The two friends were struggling with buttons on the front of the top.  The Mother of the Groom rolled her eyes at me and explained how chemo treatments were affecting the fine motor skills necessary to fasten the buttons.  The Best Friend wasn’t having much luck and couldn’t seem to locate her glasses.  They asked me if I could help and I did.  As I was buttoning, I noticed how large the top was on her.  I suggested she get a smaller size and her friend agreed.  Standing this close to her, I noticed the absence of eye lashes and eye brows.  She was definitely wearing a wig and her demeanor was tense.

While the Best Friend went to get a smaller size, I put on my street clothes.  I passed her closed dressing room door and wished her luck.  I took my items to Ms. Personality to ring up.  A few minutes later I saw the 2 women from the dressing room flagging me down.  I left the counter to see Mother of the Groom in a smaller size and looking incredible in this vibrant green.  I made a fuss over her the way I do my kids and she began to shine, just like my kids do.  She asked me if I could please help her with the buttons again, which I did.  Ironically, Ms. Personality pointed out I did not work for Dillard’s.  It didn’t matter.  We were old friends by now, both going to a wedding.

I completed the buttons and tied the sash.  She was checking herself out in the mirror when she said, “My boobs  hang down to my knees.”  I chuckled and asked if she had ever had a professional bra fitting.  I explained I have recently lost some weight and a new bra made all the difference.  Her response shocked me.

“I am 73 years old and scheduled for a double mastectomy in January.  What’s the point in getting a new bra now?”

Before I knew it, my mouth opened and words poured forth. This was definitely a “Jesus Take the Wheel” moment.  “Well, I don’t know of a better time for a bra fitting!  Think of this as your last hoo-rah!  You deserve to spend a little extra money on yourself to lift the girls to the sky, add a little cleavage, and feel even better about yourself.  Think how much tinier that waist is going to be when the girls are lifted.” I am standing behind this woman, a former stranger, touching her shoulders and pointing to her waist while adjusting her top.  Ms. Personality is seething but the Best Friend is howling.

Before I knew it, Mother of the Groom turned to look at me and said, “You’re absolutely right.  Let’s go get a new bra!”  The Best Friend clapped her hands together and squealed with delight.  Mother of the Groom was beaming.  It was obvious she felt like a million bucks.  And I felt wonderful.  I wished them luck, congratulated her on the son’s engagement, and returned to the counter to complete my transaction.

I left Dillard’s with tears in my eyes.  I never caught their names.  I know our paths will never cross again.  And I know I will never forget this Mother of the Groom.  I can’t imagine losing both of my breasts after extensive chemo treatments.  I can’t imagine what her body has been through and the challenges she faces adjusting to a new body.  I am so thankful to have been in this dressing room at this exact moment.  I met a warrior today and she was beautiful.  I hope I look this good at 73 with a mouthy best friend by my side, still talking about the location of our girls.  God bless you, Mother of the Groom, wherever you are!  Thank you for crossing my path today.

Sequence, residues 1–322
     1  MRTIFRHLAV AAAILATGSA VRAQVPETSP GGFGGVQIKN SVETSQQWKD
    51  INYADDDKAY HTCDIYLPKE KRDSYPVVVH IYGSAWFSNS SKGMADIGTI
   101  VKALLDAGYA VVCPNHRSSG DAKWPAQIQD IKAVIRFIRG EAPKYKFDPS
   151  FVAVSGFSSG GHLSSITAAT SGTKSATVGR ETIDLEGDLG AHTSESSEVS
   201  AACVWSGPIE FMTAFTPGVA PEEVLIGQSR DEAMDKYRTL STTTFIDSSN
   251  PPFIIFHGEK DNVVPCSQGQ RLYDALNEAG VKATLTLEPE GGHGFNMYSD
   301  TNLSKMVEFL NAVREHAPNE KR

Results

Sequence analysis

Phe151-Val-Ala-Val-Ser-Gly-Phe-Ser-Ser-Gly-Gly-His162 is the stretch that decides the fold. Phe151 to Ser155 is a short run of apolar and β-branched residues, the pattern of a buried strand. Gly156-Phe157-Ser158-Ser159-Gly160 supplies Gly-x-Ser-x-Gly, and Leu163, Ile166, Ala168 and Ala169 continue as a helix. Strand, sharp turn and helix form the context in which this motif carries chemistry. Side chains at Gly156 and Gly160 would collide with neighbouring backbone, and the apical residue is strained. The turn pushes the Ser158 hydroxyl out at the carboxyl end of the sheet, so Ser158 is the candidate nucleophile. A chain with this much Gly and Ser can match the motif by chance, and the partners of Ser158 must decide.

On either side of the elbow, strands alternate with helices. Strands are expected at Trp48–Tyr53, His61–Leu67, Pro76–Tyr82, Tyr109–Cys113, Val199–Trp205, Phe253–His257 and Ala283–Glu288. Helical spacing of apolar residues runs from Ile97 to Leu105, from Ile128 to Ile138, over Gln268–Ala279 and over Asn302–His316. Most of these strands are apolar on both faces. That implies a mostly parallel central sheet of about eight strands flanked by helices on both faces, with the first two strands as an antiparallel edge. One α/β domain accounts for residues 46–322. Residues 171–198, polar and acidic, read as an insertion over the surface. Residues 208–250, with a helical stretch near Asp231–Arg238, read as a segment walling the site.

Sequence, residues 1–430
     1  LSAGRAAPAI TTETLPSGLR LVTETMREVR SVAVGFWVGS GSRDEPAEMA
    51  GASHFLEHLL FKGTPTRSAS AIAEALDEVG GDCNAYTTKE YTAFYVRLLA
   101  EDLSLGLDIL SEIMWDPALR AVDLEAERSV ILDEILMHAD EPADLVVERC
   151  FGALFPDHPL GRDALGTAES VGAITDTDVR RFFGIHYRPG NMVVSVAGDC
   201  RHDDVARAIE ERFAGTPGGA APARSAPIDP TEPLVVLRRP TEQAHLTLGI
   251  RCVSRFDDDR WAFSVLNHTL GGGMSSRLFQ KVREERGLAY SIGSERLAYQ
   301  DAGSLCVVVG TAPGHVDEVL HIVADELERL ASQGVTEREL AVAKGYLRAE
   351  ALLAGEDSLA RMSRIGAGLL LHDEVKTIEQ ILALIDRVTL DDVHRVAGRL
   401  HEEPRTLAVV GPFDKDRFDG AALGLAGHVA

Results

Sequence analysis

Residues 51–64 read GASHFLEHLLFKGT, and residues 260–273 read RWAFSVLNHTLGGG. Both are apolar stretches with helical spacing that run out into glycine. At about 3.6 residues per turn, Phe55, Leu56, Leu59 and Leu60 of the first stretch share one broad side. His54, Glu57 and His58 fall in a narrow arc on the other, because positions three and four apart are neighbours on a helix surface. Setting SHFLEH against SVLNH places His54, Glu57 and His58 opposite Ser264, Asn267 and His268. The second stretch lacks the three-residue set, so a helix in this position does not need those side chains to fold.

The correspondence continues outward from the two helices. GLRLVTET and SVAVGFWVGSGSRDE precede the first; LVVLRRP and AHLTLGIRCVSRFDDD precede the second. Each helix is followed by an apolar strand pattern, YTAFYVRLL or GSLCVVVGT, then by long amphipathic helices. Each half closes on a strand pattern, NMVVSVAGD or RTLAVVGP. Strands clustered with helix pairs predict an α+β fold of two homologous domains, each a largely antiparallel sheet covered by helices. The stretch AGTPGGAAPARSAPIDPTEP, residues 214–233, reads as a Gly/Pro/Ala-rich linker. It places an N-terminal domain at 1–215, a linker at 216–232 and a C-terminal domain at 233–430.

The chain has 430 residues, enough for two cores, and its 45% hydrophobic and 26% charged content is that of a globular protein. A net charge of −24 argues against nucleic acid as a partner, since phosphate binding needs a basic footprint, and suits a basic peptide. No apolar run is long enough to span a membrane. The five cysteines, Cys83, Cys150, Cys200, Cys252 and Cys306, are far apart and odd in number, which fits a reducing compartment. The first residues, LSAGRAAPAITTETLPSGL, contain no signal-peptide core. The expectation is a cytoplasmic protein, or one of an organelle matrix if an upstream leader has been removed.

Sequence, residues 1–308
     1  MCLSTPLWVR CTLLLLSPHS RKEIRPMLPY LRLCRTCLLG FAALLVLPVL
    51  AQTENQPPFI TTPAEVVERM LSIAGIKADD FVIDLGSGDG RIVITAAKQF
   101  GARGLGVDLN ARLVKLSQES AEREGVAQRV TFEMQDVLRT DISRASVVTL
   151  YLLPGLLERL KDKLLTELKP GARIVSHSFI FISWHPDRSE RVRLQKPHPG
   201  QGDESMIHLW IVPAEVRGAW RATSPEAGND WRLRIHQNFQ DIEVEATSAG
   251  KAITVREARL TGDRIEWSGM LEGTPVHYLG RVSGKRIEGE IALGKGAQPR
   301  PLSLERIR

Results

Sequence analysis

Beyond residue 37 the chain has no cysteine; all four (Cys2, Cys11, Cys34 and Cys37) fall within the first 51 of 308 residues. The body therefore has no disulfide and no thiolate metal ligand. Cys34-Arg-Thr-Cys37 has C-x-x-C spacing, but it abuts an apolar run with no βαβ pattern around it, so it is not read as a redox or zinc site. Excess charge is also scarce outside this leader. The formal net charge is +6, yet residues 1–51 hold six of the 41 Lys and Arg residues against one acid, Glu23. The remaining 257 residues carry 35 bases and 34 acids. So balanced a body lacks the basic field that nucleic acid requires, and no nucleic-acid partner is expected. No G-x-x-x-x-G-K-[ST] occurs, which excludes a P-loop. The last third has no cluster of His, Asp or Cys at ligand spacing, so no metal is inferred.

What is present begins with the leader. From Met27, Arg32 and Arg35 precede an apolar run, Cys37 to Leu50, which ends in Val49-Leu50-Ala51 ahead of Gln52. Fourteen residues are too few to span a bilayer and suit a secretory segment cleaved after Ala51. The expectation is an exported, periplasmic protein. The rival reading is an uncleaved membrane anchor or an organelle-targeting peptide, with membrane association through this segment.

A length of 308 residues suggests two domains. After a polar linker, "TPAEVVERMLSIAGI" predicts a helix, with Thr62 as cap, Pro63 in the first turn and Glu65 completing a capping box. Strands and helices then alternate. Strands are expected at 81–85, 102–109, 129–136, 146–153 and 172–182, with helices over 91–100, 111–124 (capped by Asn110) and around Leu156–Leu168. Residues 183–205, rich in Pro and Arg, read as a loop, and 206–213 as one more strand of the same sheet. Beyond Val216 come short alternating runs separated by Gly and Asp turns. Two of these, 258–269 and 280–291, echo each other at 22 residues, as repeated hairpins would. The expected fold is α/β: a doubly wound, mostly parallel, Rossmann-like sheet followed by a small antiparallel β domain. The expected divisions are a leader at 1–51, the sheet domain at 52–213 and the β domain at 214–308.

The Courage of Daughters November 5, 2012

Filed under: Adoption,Motherhood — brownbabiespinkparents @ 4:39 pm

November is National Adoption Awareness Month and I continue to marvel that I have 3 daughters.  3!  I  never thought 1 was possible and now I have 3!  Of course, there are days when I long for the carefree days of sleeping late, taking care of only myself, and not receiving a free gift with purchase at mealtime.  Can I get an Amen?

I love my daughters.  And I marvel that these 3 young ladies found me or maybe I found them.  Regardless of whether the chicken or the egg comes first, I have the right children.  I think we were meant to be together because they are the manifestation of my highest self.  I grew up such a fearful child.  I was afraid of disappointing my parents, afraid of trying something new, afraid of failing, afraid of looking silly or ridiculous.  There was so much fear in my life.  I fantasized about being front and center on a stage, completely absent of fear.  This was my dream as a child.

I worried about raising children with the same fears.  I didn’t want to teach my children to be fearful the way I used to be.  And guess what happened?  Through my kiddos, my fears subsided.  I could do and would do anything for my children.  I didn’t care if I looked ridiculous or silly.  Failure simply meant I discovered what didn’t work and could move forward to find out what would work.  My daughters taught me to follow my heart, to throw caution to the wind.  And my life is a whole new world with them in it.

Yesterday we spent the day at Sea World in San Antonio.  I was blown away by the courage of my daughters, riding every ride no matter how big or how wet. I would never have done this at their age.  I was terrified of the unknown, of being out of control when I was their ages of almost 10, 7, and 4.  I was so afraid of roller coasters and hated to get wet at a public place when I would have to walk around wet.  But not my girls!

Madison, McKenzie and Morgan rode every roller coaster they could!  All 3 rode the Journey to Atlantis ride at least 5 times and they were SOAKED to the BONE all day long.  Thank goodness I hadn’t combed hair on Saturday as planned!  I was so proud of each of them for following their hearts, for being absent of fear.  I marveled at their ability to have fun without a moment of hesitation.  I delighted in their courage.  Even baby Morgan!

I am a lucky, lucky mama.  God gave me these children for a reason.  Through them, I see the highest vision of myself.  And it looks great!